I had to deal with a Synology DSM 6.2 (DS 215J) device that didn’t want to update anymore, because of insufficient capacity for update. It was a bit of a hustle to figure out what was causing the problem, so here I’ll explain what was the case.
Recently one of the drives of this NAS had crashed and has been replaced since. In this case both drives were set up as separate operating drives, so no SHR. In the time between the crash of one of the drives and the replacement, the NAS was still up and running and being used. In retrospective, this actually caused the problem. But in my quest looking for the answer, I read several causes to this issue, so the explanation below might not solve your problem, but the steps can be followed to find your cause.
So, first of all, you should connect to your NAS via ssh using the admin account. On MacOs you can open a terminal window and type:
On Windows, I used PuTTY to connect via ssh (follow the link to download the client).
Once connected you should execute commands as su. Be careful with the commands that you execute!
Now go to the root of your drive.
And check which folder is using too much data.
In my case it looked like this:
Filesystem Size Used Avail Use% Mounted on
/dev/root 2.4G 2.1G 230M 91% /
none 249M 0 249M 0% /dev
/tmp 251M 1.2M 250M 1% /tmp
/run 251M 5.4M 246M 3% /run
/dev/shm 251M 12K 251M 1% /dev/shm
/dev/vg1/volume_2 2.7T 1.9T 847G 70% /volume2
/dev/vg2/volume_1 3.6T 535G 3.1T 15% /volume1
So the /dev/root, which is mounted on /, has the most data. To see which folder is consuming the most, I used the following command to gain some insight. Note: I excluded both volumes, because that would be too time-consuming and the issue isn’t there.
du -sh / --exclude=volume1 --exclude=volume2
However, when I looked at the totals it only used 800MB and not 2.1GB. So that was a bit strange. So then I read about the possibility that it might be some leftover data from when a disk was unmounted. In my case when one of the drives crashed. To see if that caused the problem I had to do unmount the volumes and check if I would see any files in the mountpoint folders.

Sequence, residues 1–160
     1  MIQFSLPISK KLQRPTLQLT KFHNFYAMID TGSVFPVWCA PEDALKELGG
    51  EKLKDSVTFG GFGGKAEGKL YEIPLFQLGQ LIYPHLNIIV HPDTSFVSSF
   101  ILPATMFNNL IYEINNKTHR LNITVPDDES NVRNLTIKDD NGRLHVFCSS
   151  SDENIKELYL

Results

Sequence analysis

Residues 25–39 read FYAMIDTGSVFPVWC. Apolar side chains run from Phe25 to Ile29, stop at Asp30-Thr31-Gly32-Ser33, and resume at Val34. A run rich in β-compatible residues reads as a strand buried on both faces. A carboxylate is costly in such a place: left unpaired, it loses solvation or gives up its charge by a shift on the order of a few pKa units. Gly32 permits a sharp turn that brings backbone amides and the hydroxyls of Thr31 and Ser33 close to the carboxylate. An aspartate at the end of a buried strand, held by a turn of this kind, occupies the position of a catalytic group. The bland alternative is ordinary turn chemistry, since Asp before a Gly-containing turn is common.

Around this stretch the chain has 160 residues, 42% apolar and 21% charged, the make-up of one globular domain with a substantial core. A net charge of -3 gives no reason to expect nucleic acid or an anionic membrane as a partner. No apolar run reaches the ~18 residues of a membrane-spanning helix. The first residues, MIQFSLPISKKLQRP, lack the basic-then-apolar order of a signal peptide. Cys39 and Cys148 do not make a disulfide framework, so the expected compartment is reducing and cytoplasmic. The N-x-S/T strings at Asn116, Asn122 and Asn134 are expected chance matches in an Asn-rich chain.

Before you continue, make sure you are on the same network as the NAS and not remotely connected via VPN or anything else. The following steps will stop any running applications (like VPN) on the NAS.
Make sure you’re in the root again.
Then kill all the running application with this command.
Now your SSH connection will probably be closed as well. So reconnect as admin and make yourself su again.
Now check if the volumes are unmounted.
If the volumes are not listed anymore, then they are unmounted.
Now check if there are any files in the volumes folders.
If this returns any folders, then there is data. Or if this returns all the folders that are on the volumes, then the unmounting might have failed, so then try again from above. Make sure you check this for both folders.
In my case, there were files located in one of the volume drives. I checked with the following command how much data it was using (1.2GB in my case).
To remove the folders I used:
rm -r folder_name
After that I checked with again how much space I had.
This showed that I now had 1.4GB available instead of 200 MB.
So time to reboot and check via the GUI again if I can update again.
reboot -f -n
After this I could update my NAS again.
Other people reported that MariaDB or zarafa where causing issues, or that the folder /var/log was full with files.
So if you have the same issues as reported above, this might help you to solve your insufficient storage problems.